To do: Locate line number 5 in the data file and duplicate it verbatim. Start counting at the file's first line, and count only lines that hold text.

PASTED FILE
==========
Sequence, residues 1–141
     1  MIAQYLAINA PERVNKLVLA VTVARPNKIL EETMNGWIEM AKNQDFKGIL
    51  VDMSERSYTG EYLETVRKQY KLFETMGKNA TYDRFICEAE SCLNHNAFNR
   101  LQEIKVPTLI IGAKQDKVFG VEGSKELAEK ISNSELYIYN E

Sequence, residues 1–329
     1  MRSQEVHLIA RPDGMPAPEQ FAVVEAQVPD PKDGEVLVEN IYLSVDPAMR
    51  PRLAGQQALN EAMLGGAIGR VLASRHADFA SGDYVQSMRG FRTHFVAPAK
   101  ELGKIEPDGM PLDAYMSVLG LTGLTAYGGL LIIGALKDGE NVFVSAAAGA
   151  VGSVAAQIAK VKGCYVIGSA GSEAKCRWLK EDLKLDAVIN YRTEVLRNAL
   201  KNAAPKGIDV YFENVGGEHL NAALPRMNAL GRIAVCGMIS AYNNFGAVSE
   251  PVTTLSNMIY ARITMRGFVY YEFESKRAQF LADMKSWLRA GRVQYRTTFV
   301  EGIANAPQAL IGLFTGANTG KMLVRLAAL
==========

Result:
Sequence, residues 1–329